"Public spaces in residential buildings rarely will be cutting-edge design, unless the whole building has that mindset," says Sygrove. Therefore, your goal when making design decisions should be to appeal to the majority of residents. Since color preference is so subjective, it is wiser to choose a more neutral or traditional color scheme over something loud or edgy that may be fashionable for the moment.

Sygrove thinks that classic materials, such as marble and granite, are always winners. Using real wood and leathers instead of laminates and less-durable, woven fabrics gives a space more distinguished character and insures that the furnishings will last.


For energy efficiency, fluorescent bulbs can’t be beat. If you prefer a warmer glow however, you might consider installing incandescent lighting as your space’s main light source or as a compliment to pre-existing fluorescents. Though less energy-efficient than fluorescent lights, nothing beats the warmth that incandescent lighting produces. Often, a combination of lighting sources is the most appealing. For instance, you might use table lamps and sconces along with overhead lights to reduce glare and cozy-up the space. Strategically placed lighting makes lobby areas more interesting, welcoming places to be.

It is important to consider your residents, even when choosing something as basic as a lighting scheme. Remember: Many of them will be returning to the building after a long day of work, and the lobby area is the first place they’ll see. Sygrove suggests keeping in mind that people who work in offices generally work with overhead lighting. "When they come home, they respond best to lighting that is most like their home," she offers. Floor and table lamps can provide cozy pools of light that are a pleasant change from office glare.


If the style of your lobby or entry area is more traditional, you may only need to reupholster chairs and couches. However, if the furnishings are obviously outdated and present more of an image issue, perhaps it’s time to invest in something new. Again–beware of fickle trends and radical overhauls. Sticking to classic designs will create a look that will last longer and be easier to update in the future, if necessary. Consulting someone who specializes in the specific style you like will help you stay on track.


A quick, relatively inexpensive way to transform a room is to add a few live plants. Says Sygrove, "Live plants and flowers multiply the image a hundredfold, and seasonal plants will last many weeks." Potted bulbs are a nice idea for spring, and potted trees and ferns add instant texture and interest.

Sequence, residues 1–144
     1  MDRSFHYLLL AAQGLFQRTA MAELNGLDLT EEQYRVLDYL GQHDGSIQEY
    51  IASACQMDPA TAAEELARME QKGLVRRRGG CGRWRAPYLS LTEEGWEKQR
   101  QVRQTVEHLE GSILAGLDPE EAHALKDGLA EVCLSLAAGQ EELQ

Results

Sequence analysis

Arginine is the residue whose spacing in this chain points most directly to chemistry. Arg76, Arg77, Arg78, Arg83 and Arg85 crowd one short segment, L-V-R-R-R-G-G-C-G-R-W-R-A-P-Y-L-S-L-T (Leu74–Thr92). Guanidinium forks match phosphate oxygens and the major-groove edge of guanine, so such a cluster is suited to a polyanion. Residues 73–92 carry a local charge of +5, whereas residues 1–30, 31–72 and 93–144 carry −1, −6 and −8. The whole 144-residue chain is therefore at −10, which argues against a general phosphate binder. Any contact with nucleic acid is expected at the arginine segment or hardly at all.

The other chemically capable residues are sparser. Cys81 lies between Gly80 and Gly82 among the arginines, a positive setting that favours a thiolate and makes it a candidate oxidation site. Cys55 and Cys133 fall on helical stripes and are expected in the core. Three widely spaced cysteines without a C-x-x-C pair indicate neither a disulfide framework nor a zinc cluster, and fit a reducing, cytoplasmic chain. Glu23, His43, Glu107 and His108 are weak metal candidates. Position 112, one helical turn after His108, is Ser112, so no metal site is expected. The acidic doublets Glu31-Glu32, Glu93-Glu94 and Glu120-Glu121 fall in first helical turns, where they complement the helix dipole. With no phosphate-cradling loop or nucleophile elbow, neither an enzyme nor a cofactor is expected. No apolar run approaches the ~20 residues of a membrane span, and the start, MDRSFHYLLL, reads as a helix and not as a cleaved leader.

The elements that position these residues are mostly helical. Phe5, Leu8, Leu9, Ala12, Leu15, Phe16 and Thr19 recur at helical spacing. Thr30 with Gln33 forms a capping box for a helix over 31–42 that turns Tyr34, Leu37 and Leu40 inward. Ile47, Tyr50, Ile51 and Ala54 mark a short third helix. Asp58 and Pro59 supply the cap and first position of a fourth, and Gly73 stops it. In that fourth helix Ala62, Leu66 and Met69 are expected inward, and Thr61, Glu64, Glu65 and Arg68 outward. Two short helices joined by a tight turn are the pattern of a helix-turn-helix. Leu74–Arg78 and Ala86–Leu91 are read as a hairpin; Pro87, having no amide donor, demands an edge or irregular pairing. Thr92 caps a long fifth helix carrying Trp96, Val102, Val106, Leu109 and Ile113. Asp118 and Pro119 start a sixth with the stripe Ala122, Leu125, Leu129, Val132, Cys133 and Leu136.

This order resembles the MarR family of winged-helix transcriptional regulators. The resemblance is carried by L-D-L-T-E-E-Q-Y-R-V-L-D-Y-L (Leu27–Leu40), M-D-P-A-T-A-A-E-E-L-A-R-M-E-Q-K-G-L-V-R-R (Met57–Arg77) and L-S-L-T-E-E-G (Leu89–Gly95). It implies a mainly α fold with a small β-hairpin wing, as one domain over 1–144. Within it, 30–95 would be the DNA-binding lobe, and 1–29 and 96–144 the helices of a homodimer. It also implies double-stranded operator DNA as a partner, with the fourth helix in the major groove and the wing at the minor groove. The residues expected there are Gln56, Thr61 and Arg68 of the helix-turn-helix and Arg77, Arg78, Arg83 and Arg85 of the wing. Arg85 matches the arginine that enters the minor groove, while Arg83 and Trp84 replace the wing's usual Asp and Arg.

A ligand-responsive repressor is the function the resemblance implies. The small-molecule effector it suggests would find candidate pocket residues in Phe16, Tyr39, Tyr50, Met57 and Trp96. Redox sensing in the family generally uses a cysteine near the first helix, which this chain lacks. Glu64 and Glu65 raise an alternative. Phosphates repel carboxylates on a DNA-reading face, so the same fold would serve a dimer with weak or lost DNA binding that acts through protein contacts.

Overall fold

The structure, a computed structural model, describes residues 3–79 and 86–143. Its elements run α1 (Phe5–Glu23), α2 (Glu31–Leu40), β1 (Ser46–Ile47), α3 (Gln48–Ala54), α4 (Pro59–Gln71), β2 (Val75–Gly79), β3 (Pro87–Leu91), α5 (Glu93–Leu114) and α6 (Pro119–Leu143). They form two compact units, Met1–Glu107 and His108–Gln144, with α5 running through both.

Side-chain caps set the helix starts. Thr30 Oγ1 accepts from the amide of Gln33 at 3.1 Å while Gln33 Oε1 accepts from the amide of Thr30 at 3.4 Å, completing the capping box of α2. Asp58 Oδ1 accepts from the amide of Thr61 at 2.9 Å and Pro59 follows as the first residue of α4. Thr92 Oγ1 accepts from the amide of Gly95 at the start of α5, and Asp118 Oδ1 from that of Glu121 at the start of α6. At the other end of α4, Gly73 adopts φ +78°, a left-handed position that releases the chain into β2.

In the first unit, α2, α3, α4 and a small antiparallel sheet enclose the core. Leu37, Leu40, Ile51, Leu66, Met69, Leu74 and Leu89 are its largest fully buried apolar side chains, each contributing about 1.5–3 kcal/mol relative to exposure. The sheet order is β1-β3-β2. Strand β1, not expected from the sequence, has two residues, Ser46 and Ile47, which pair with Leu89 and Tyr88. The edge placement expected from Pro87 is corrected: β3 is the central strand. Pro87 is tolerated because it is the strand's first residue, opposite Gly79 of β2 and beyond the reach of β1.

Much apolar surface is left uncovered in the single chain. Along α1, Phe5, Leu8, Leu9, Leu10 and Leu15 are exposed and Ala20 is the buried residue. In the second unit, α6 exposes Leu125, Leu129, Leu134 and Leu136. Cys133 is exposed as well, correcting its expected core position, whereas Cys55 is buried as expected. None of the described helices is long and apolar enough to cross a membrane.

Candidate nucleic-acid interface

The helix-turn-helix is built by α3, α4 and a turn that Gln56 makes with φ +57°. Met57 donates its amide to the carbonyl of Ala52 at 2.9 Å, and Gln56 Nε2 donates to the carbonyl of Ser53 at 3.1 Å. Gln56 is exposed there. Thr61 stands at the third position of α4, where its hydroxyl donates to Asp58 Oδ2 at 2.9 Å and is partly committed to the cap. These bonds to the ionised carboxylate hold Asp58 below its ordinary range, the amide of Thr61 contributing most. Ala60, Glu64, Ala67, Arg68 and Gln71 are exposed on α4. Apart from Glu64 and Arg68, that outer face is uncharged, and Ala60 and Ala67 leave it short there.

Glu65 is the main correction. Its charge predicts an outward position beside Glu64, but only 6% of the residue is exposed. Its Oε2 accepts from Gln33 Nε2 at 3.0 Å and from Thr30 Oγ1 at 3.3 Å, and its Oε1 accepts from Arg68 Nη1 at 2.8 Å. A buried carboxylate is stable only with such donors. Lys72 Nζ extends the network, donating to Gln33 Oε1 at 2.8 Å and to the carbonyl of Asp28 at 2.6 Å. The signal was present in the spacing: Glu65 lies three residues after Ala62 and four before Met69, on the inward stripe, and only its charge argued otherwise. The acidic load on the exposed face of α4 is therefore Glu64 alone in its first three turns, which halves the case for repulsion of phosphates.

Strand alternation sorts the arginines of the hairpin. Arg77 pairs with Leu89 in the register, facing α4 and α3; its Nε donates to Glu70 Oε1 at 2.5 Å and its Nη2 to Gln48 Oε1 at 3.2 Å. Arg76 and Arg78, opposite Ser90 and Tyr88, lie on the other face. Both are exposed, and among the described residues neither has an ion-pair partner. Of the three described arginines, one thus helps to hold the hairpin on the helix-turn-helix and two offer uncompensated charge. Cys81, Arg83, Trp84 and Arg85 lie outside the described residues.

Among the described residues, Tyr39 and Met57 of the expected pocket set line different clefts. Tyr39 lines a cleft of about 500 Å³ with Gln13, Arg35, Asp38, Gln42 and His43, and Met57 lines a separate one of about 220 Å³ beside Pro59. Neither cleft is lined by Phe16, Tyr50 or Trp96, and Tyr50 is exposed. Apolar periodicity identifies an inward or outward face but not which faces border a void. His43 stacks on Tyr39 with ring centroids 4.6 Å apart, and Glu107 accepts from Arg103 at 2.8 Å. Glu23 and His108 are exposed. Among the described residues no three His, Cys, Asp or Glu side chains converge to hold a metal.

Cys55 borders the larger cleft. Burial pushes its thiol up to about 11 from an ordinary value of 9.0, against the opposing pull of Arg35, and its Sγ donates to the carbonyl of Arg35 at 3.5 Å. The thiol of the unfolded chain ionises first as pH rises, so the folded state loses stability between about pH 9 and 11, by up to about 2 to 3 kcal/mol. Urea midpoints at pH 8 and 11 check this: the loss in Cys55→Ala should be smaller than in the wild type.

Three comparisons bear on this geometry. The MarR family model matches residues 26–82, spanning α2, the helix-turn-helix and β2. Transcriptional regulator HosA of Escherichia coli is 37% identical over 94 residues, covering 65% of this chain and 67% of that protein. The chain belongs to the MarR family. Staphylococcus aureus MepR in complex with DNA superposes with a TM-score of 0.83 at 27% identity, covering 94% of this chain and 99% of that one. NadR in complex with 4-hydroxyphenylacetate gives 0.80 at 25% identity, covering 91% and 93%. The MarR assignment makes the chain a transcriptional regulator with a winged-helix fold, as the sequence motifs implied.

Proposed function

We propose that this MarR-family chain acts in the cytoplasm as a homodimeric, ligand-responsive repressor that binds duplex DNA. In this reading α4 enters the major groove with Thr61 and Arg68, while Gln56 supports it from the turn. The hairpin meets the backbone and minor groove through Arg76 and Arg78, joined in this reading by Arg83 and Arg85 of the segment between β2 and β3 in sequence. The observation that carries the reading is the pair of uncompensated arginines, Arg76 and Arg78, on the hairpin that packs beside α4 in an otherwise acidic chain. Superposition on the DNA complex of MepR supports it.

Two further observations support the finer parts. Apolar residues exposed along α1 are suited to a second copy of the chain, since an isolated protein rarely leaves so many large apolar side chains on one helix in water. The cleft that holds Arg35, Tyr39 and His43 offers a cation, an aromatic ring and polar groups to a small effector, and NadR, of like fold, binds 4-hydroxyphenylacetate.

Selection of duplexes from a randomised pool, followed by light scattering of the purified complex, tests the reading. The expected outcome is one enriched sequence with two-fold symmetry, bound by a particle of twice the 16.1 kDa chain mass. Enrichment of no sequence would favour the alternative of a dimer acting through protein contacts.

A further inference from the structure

Paintings or murals also go a long way towards making an area more appealing. After Roth Painting’s work on the Essex House, a hotel on Central Park South that also contains condo units, the center hallway now features a mural of the New York harbor, and the space has been transformed.

The Entry

Not to be overlooked when refurbishing the interior is the actual building entrance itself. Sygrove reports that she has noticed a definite trend this year among many co-ops and condos toward improving their building entranceways. Entryway renovation projects have ranged from simply changing the railing or awnings to updating or rebuilding ramps–making old entrances both aesthetically pleasing and functional.

Updating and Creating Elegance

Of course, the number and type of changes you make are going to be specific to your building. Roth sees an unlimited capacity for change. At the Museum Towers, a 300+ unit co-op on West 53rd St., the board decided to stick with what worked, so instead of going with something new and untried, Roth had the challenge of recreating the way the lobby had looked 14 years earlier. This meant updating and replicating the exact wall coverings and paint mixtures, as well as refinishing the hardwood doors back to their original lustre.

Whether you’re just updating what you have or launching a complete overhaul, the design elements that will work best for you depend on your particular building and budget. But regardless of whether your renovations are grand- or small-scale, re-design will contribute a sense of comfort that is both pleasing to the eye and functional–something residents are sure to appreciate. With a new atmosphere, a refurbished building is a place residents are happy to enter at the end of a long day, and a place they–and you–can take pride in.

Ms. Mannino is a freelance writer living in Montclair, New Jersey.